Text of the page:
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“Maine: The Way Life Ought To Be”. Also, really freaking hard. The Maine section of the AT is filled with ups, downs, rocks, roots, mud, and moose poop. Like literally every step is either a rock or a root (or both; somehow these trees manage to grow on rocks), or it’s a muddy bog, or there’s just piles and piles of moose droppings at every turn. There must be more moose in Maine than people. And in case you’re wondering how I know, yes, I do hike a mile or two with Chris in the mornings when I drop him off or in the afternoon when I pick him up.
The trail towns in Maine are Andover, with it’s cute little library and the Pine Ellis Hostel and their cabin down by the covered bridge; Rangeley, with it’s beautiful lakes and the awesome Rangeley Farmhouse Inn (hello Stacey and Shane, you guys were the best!!); Stratton, home of the Stratton Motel and the Wolf Den Bar and their infamous and slightly gross Wolf Burger; Caratunk, home of the Kennebec River ferry, and finally Monson, the site of The Lakeshore Lodge and Rebekah “Double Zero”, so named because so many people stop at her lodge and take two days in a row off the trail to recover from the last 2000 miles and prepare for the final push: the 100 Mile Wilderness.
While Chris started the 100 Mile Wilderness, I hung out with some travelers taking a zero, such as Trip and Sisyphus, and we went on a boat ride on Moosehead Lake (a three hour tour!!). Very nice lake filled with some 134 islands, many of which have a fishing cabin on the island or even in some cases a lake home. A lovely region- if you are ever in Maine, I truly hope you are able to get over to the lake side and not just the coastal region. Although I’m sure the coastline is amazing too. We’re going to check that side out on the way home.
While Chris was in the wilderness, I drove to the end at Millinocket and saw some old trail friends that we hadn’t seen in a while. Yay, for seeing Tittycakes, Geared Up, and DaVinci after they summited the peak!
Finally Chris came out of the 100 Mile Wilderness (it took him 5 days), and I was anxiously awaiting at Abol Bridge Campground. We had dinner together and went to sleep early, as we were summiting Katahdin Mountain the next day. I drove to the base of the mountain, getting a head start on Chris, who had to hike the final 10 miles to the mountain AND do the climb while I just started the climb. It’s five miles to the top, which is at an elevation of 5, 260 feet. It took me five hours to get to the top. It was the scariest climbing I’ve ever done (well, I’ve never really done any rock climbing, which is why my arms, shoulders, and back are still hurting like hell today, three days later). It was so hard!! I cannot emphasize this enough. For a beginner like me, it was definitely the wrong mountain to try for my first attempt. For Chris and the other AT hikers, they did concur that it was the hardest mountain they had hiked/climbed on the AT. But finally, after five hours, I made it to the top (Chris caught up to me even with his extra 10 miles to get there). We saw fellow hikers Lunch, Haiku, and Hiker Monkey up there. We all posed for the requisite photos, rested a bit, and then we had to do the descent…. which was even more terrifying!! Seriously!! Chris had to fireman carry/bear hug me down one tricky bit- I completely froze up and couldn’t move. But finally (after another five hours), we made it down. And so, the Appalachian Trail is completed. It took Chris 134 days, 3 hours, and 34 minutes to complete. Officially he was #186 to finish for the year. Although, that number is a bit inflated, because not everyone who hikes in to Baxter State Park and says they are a thru hiker really is one. But close enough. It’s done, and now we can go on to our Around The World Trip. We’ll be heading to Nova Scotia, New Brunswick, and Prince Edward Island in Canada, then back to DC for a quick stopover, then it’s off to Australia and new adventures!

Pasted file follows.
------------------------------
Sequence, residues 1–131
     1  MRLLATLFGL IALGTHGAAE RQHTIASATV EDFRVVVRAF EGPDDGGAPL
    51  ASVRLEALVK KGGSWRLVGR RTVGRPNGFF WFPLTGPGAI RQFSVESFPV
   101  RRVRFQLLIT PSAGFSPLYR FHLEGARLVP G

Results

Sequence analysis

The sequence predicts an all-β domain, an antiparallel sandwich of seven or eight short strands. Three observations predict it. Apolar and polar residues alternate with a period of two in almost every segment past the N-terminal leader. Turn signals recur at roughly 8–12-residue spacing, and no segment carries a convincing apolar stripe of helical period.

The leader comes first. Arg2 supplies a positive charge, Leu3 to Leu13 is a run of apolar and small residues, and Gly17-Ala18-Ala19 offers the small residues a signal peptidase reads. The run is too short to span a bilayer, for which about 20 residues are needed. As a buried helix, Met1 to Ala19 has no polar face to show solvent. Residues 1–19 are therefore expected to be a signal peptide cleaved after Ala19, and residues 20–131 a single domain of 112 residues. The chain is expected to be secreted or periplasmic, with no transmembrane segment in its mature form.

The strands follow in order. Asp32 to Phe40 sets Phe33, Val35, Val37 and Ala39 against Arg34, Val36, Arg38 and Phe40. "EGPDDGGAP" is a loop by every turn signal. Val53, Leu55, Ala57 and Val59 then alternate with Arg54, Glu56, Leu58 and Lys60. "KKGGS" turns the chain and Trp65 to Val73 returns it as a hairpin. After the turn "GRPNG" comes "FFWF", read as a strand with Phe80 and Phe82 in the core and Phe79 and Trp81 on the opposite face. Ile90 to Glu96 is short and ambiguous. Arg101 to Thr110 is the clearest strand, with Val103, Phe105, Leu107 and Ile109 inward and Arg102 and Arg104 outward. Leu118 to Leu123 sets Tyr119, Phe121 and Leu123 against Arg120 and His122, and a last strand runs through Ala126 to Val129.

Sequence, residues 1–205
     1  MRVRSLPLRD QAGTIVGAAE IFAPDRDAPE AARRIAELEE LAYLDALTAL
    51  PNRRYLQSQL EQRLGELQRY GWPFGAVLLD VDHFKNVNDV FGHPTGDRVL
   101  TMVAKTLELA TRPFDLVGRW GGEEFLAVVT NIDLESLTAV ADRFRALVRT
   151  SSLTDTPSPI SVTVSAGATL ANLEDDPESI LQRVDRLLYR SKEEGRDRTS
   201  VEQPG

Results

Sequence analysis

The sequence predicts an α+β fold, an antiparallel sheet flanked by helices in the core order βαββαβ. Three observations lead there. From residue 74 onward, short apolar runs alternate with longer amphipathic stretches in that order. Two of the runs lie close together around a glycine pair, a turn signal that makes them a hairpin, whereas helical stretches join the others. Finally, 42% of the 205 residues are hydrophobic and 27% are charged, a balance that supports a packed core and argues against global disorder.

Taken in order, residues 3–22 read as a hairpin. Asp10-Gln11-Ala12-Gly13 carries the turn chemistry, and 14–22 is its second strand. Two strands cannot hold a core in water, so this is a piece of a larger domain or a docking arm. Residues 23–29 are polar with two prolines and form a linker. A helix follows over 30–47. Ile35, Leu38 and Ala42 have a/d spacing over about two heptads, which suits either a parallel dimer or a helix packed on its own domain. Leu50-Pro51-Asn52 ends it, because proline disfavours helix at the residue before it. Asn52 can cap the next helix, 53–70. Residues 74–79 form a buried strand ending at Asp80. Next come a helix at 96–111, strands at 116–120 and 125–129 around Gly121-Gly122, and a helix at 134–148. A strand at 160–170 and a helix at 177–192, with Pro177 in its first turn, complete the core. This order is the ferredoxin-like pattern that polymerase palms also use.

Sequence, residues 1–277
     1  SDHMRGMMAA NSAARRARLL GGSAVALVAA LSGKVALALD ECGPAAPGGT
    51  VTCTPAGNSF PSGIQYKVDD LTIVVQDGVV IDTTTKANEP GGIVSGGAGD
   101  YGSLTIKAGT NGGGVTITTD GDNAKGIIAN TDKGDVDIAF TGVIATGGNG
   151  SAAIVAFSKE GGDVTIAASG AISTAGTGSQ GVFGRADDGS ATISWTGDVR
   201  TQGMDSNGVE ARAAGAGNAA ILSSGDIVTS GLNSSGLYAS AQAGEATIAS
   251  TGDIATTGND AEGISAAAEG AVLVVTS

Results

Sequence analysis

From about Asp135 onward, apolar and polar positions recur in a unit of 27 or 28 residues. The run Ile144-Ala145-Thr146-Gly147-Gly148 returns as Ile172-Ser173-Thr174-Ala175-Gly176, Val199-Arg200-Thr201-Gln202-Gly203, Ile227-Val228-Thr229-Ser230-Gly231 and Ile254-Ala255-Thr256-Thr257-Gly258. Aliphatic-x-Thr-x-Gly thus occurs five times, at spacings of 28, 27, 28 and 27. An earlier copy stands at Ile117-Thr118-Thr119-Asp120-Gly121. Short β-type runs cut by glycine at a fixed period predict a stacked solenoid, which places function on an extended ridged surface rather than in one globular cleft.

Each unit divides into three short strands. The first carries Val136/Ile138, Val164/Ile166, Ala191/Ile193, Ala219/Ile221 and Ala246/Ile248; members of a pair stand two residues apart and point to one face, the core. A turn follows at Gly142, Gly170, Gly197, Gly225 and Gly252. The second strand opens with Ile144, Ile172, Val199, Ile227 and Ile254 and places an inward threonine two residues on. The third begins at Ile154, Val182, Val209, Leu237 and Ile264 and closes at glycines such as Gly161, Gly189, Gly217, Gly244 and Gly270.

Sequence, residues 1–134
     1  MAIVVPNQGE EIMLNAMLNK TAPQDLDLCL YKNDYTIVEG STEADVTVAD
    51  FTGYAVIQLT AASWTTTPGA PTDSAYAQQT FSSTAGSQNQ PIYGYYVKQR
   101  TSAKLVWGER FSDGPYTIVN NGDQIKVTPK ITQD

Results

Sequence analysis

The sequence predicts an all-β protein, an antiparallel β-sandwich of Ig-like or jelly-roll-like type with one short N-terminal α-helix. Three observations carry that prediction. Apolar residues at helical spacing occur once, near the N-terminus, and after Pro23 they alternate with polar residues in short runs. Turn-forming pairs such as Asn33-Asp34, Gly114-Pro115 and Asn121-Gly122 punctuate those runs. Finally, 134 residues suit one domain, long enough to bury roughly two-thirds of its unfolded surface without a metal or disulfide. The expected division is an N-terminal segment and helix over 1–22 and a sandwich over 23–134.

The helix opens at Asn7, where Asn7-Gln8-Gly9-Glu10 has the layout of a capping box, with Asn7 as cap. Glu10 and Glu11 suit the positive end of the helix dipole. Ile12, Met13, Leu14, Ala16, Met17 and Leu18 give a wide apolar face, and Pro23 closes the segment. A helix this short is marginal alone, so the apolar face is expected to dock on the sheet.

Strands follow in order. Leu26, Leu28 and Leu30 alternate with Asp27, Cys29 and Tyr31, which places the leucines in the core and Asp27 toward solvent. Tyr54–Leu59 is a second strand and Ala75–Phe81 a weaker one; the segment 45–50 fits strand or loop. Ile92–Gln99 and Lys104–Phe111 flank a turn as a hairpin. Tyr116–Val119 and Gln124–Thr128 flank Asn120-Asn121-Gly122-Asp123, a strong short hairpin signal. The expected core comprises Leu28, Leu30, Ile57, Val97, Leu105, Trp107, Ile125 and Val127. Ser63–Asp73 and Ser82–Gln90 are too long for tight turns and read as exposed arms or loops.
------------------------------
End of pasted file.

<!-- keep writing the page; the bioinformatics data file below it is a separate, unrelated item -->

Next post: Canada and the NE coastline??

AT: Massachusetts, Vermont, and New Hampshire

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While Chris hiked the 90 miles of the Trail that are in Massachusetts, I drove back to the DC area and got our house ready for our new renters. And then the day arrived: the packers came and put our stuff in a moving van, and now we are homeless. After one last book club with my lady friends, I was off to join Chris in Vermont, for the last 500 miles of the trail. And when I say “join him”, I mean “drive the car around and see stuff while he hikes, and arrange food and lodging and sightseeing for the days/nights he’s not on the trail”.
I caught up to him in Rutland, VT: wow, what a green, fresh smelling state! We stealth-camped right by the trail in a beautiful setting by a brook up the side of a mountain. (Stealth camping is camping at spots along the AT that are not paying campgrounds or designated shelters. Just nice flat spots that you can pitch a tent. Free!). It got cold that night: Down in the 40′s. But luckily summer seemed to catch up with us over the next week and it was quite nice.